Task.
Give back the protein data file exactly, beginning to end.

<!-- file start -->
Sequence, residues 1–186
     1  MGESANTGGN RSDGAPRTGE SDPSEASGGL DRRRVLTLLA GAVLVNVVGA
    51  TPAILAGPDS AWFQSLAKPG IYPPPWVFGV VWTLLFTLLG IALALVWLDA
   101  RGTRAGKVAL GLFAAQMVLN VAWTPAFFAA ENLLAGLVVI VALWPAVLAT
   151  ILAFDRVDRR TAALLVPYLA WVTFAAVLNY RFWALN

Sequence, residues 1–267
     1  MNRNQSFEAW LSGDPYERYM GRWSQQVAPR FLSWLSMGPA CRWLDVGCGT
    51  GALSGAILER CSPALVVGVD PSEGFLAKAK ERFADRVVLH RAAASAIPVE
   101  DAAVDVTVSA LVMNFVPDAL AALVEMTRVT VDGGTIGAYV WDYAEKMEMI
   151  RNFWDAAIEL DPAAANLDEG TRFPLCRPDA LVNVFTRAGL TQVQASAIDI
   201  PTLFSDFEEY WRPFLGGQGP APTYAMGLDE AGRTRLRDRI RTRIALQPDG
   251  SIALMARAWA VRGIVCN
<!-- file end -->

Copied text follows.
Sequence, residues 1–186
     1  MGESANTGGN RSDGAPRTGE SDPSEASGGL DRRRVLTLLA GAVLVNVVGA
    51  TPAILAGPDS AWFQSLAKPG IYPPPWVFGV VWTLLFTLLG IALALVWLDA
   101  RGTRAGKVAL GLFAAQMVLN VAWTPAFFAA ENLLAGLVVI VALWPAVLAT
   151  ILAFDRVDRR TAALLVPYLA WVTFAAVLNY RFWALN

Sequence, residues 1–267
     1  MNRNQSFEAW LSGDPYERYM GRWSQQVAPR FLSWLSMGPA CRWLDVGCGT
    51  GALSGAILER CSPALVVGVD PSEGFLAKAK ERFADRVVLH RAAASAIPVE
   101  DAAVDVTVSA LVMNFVPDAL AALVEMTRVT VDGGTIGAYV WDYAEKMEMI
   151  RNFWDAAIEL DPAAANLDEG TRFPLCRPDA LVNVFTRAGL TQVQASAIDI
   201  PTLFSDFEEY WRPFLGGQGP APTYAMGLDE AGRTRLRDRI RTRIALQPDG
   251  SIALMARAWA VRGIVCN